Twenty years ago, a regular Army man like Sgt. Maj. Stan Richards could identify a reserve unit when he saw one, from telltale differences that reflected their part-time status with only a weekend a month and two weeks per year in training.
But since 9/11 and the war in Iraq led to deployment of Army Reserve and National Guard units to the Middle East, with "train-up" time before and constant practice training in the field, you can't tell the difference anymore, said Richards, one of three soldiers who spoke by phone to the Mirror on Friday from Iraq.
In fact, if there's a difference now, it tilts in favor of the reservists. They're the ones who can go out of their job classifications and sometimes get things done faster and just as well using civilian skills they honed in their regular jobs at home.
Interview with soldiers in Iraq
"Firefighters, police, electricians, plumbers," said Lt. Col. Anthony Bohn, commander of the 13th Combat Sustainment Support Battalion, which includes the Altoona-based 298th Maintenance Company, one of six companies in the battalion. "There are a lot of skilled craftsmen."
By contrast, in a regular Army unit, everyone specializes.
"If it's a transportation unit, they're all truck drivers," Bohn said. "It becomes very one-dimensional."
Not only do their regular Army colleagues treat them as equals, they've come to recognize the reservists "bring a little more to the table," said Capt. Jim Grassmyer of Altoona, commander of the 298th, which has been in Iraq for seven months.
The 298th left Altoona on May 12 for pre-deployment training in Texas before leaving for Iraq.
Grassmyer said his soldiers regularly think outside the norm to solve problems.
Mechanics have gone to the wood shop to build products like desks, bookshelves and command boards or to the machine shop to fabricate parts to avoid ordering "through the system" and having to wait for them to arrive, Grassmyer said.
The battalion command thinks so highly of the 298th that it took the unusual step of placing a regular Army ordinance platoon under its command, Bohn said.
"That speaks volumes for the skill set of the company," he said.
During the last couple years in Iraq, services and security have improved, according to Bohn, whose battalion is stationed in northern Iraq.
Following the first Gulf War, the nation "stood still," doing virtually no infrastructure work as money reportedly went into palaces, he said.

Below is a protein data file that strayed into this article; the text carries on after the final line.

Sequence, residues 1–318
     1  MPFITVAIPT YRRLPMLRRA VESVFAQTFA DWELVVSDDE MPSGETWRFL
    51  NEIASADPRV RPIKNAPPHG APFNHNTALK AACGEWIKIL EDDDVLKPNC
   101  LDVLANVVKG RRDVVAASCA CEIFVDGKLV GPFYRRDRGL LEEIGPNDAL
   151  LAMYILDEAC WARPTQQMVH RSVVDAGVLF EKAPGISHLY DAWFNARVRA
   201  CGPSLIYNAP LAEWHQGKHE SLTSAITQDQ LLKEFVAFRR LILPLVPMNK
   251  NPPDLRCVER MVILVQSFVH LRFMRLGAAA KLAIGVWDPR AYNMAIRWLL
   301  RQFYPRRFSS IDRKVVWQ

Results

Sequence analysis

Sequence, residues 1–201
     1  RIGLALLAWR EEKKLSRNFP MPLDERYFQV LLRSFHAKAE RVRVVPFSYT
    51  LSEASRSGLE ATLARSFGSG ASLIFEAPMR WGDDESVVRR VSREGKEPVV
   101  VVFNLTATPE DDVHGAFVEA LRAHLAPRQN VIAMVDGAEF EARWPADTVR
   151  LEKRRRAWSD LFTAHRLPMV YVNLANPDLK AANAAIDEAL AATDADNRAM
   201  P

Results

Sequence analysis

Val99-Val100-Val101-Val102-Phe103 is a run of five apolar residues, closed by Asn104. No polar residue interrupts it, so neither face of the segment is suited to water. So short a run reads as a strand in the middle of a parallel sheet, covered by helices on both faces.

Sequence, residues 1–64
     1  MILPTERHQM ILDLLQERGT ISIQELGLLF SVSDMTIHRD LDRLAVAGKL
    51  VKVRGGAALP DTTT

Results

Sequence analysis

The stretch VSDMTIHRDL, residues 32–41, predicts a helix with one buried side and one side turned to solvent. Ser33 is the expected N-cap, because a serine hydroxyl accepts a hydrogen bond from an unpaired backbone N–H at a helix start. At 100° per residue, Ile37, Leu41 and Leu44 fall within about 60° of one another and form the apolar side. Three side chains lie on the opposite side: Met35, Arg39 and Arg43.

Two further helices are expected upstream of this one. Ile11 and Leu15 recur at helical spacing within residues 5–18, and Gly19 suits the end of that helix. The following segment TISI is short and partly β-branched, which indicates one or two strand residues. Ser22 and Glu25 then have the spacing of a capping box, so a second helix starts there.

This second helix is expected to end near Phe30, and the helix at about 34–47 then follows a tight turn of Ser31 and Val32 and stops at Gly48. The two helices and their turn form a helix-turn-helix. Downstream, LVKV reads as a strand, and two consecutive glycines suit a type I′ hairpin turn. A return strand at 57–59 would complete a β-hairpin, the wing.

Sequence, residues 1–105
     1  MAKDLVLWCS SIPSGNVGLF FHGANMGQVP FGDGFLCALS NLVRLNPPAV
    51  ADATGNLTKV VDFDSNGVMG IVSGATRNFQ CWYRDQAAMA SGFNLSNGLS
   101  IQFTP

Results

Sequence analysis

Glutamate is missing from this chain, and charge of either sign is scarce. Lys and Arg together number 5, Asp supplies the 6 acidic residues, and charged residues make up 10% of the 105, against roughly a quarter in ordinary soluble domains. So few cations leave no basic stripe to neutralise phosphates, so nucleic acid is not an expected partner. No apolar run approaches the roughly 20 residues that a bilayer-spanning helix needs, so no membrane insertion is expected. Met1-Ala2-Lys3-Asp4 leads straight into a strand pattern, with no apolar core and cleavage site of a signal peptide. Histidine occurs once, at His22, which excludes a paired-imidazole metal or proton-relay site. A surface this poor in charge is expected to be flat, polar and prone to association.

Then came 9/11, the U.S. invasion of 2003 and the dark period of 2005 and 2006.
Services came to a complete halt, he said.
In recent times, however, workers have repaired roads, cleaned up piles of trash and repaired sewage and electrical systems, he said.
The "security situation" has also improved dramatically, Bohn said.
The country is "taking control of its destiny," he said.
Battalion soldiers are helping them do it, he said.
The battalion administers contracts with Iraqi companies that supply laborers to repair shipping containers, and the soldiers teach, supervise and work alongside those laborers, who earn certificates they can use elsewhere to show they've mastered welding and other skills.
The bestowing of the certificates generates a "huge outpouring" of support and attention from the labor supply companies and the Iraqi government, reflecting the big step up in earning power the skills and the certificates represent for the workers - 20 to 30 times what they could earn in their old agrarian occupations, Bohn said.
And the education is free.
Armed with those certificates, they can get married - marriage is expensive in Iraqi culture - and attain the equivalent of the house with a white picket fence, Bohn said.
There's a lot of construction going on in villages, reflecting that success, he said.
They want "everything that we want," Bohn said, including protection and education for their families and a way to make a good living.
"There's no difference in the human dynamic," he said.
The time spent earning the certificates has generated friendships between workers and soldiers, as reflected in gifts exchanged in the certificate ceremonies, Bohn said.
Some of those friendships will outlast the soldiers' tours of duty, he predicted.
In keeping with the adage that if you teach someone to fish, you feed him for the rest of his life, authorities are planning programs to "train the trainers," so the Iraqis can sustain the effort on their own.
The Iraqis don't always do the work "perfectly our way," Bohn said, but that's fine because it's better "if they do it their way."
"All we are is enablers and facilitators," he said.
Nor do the Iraqis resent the help as paternalistic, he said.
"They completely welcome it," he said. "With open arms."
Mirror Staff Writer William Kibler is at 949-7038.